We often idolize rationality as the solution to all of the world’s problems. Awareness. Education. These are always touted as the foundations of success for any plan that hopes to create real change.
Especially in our current era of Enlightenment, we have come to view rationality as our savior. We believe that if the whole world was more knowledgeable and followed logic, peace would be inevitable. In that sense, rationality is our guiding principle of how we view the world, and something that we have come to view as the cornerstone and necessity of any theory or practice.
To me, and to many of us, it just makes sense. The more we know, the more logical we are, the less likely we are to commit illogical crimes of passion or make emotionally-driven mistakes.
And yet I still remember visiting Auschwitz, Nazi Germany’s largest concentration and extermination camp.
The more I learn about the Nazis, the more I realize how systematic, methodical, and scientific they were in their mass killings – creating new breakthroughs in oven technology and weapons to become more and more efficient in the ways that they tortured those they considered to be subpar human beings.
It horrifies me to think of them in this way, but in many ways, the Nazis epitomized rationality and capitalism. They were ruthless, efficient, highly methodical killers, running their entire operations like machines. Camps would immediately remove those who were not deemed useful or capable of working, and those who could work were utilized like robots until they were almost dead, at which point they would be forced even to dig their own graves. They utilized every part of the victim, taking not just people’s clothes and belongings, but everything down to their hair and teeth. It was no crime of passion, it was methodological, thoroughly planned, intentional murder.
And it wasn’t some sort of lack of education, like someone just hadn’t told young German kids that killing is bad and they shouldn’t discriminate against others. There were entire societies of doctors, engineers, and well-educated professionals that not only allowed for this to happen, they wholeheartedly planned and plotted these mass murders.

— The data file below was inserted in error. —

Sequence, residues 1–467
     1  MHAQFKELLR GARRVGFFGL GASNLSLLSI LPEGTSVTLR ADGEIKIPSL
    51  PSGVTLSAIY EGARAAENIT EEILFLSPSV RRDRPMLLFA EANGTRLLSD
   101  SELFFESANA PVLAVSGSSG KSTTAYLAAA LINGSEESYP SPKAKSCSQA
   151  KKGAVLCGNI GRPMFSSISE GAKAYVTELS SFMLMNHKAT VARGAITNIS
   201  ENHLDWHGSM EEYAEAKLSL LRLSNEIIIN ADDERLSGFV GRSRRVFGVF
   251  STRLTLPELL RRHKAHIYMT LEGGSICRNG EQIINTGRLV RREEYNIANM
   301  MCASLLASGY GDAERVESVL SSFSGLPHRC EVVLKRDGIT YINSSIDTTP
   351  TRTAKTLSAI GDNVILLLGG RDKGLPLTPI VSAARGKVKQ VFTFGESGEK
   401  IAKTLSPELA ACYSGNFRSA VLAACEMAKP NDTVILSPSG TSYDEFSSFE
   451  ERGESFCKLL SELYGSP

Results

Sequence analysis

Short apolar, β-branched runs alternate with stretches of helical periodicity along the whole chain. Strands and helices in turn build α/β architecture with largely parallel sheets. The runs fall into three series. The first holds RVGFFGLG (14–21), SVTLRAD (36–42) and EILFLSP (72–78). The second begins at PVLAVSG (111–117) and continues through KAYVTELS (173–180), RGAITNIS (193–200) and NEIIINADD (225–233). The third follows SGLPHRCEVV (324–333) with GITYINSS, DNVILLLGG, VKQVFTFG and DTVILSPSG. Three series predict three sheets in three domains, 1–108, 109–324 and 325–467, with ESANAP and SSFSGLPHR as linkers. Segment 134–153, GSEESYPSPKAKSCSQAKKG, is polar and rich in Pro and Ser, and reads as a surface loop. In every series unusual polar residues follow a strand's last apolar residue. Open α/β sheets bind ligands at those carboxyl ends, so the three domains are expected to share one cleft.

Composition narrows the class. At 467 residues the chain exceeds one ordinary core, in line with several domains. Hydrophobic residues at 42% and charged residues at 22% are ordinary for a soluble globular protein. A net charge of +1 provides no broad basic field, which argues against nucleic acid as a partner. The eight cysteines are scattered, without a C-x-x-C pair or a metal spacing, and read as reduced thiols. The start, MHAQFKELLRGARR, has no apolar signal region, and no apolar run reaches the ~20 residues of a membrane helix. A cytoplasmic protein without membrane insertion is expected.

As philosophers at that time felt, this exposed a horrifying reality of the pitfalls of rationality. Here were the ideas of the enlightenment being used as a mask to justify our own aggressive tendencies. In the Dialectic of Enlightenment (pg. 23; read pg. 139 for more on Anti-Semitism), Horkheimer and Adorno write how “reason itself has become merely an aid to the all-encompassing economic apparatus.” They witnessed rational means used excessively to pursue irrational ends, to essentially achieve our own inner desires for greed and power.
This experience occurred almost two years ago, when I went to Europe for the first time, but I still recall it often because I see this obsession with rationality embedded in the way that many of us see the world today. I fear that the more and more we swear by it, the more we allow ourselves to be swayed by well-constructed arguments that could be truly inhumane or lack virtue. I fear that at some point, if we take it too far, we too will simply reach a point where we are using rationality as a mask for our own aggression, fears, and desires.
At the end of the day, rationality is a strategy of argument, a tool for thought, that is not “right” in itself. It is an instrument to execute a goal effectively, not a goal in itself. The goal, the aim that it helps execute, is defined by the values that underpin it – it must rely on a value system.
For the Nazis, it was the set of values that involved taking out those who they saw as inadequate and allowing “the most fit” to survive. There was no consideration for the old or the experienced; the only people who mattered were those who could work and produce. What strikes me is that there was no heart.
At the end of the day, rationality is bound by the values and insecurities of the one who uses it. Rationality is only as good as the person who wields it. If what lies underneath a person is excessive ego, pride, greed, desire, and anger, then rationality will simply become a sleek way of justifying heinous crimes. On the other hand, if it is a tool used by someone who is seeking to live with value, to connect within and live heartfully, just imagine what it could do.
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Suraj Sehgal View All →
I am a student, a traveler, an activist, a meditation instructor…. and a blogger!
Come join me on my journey.
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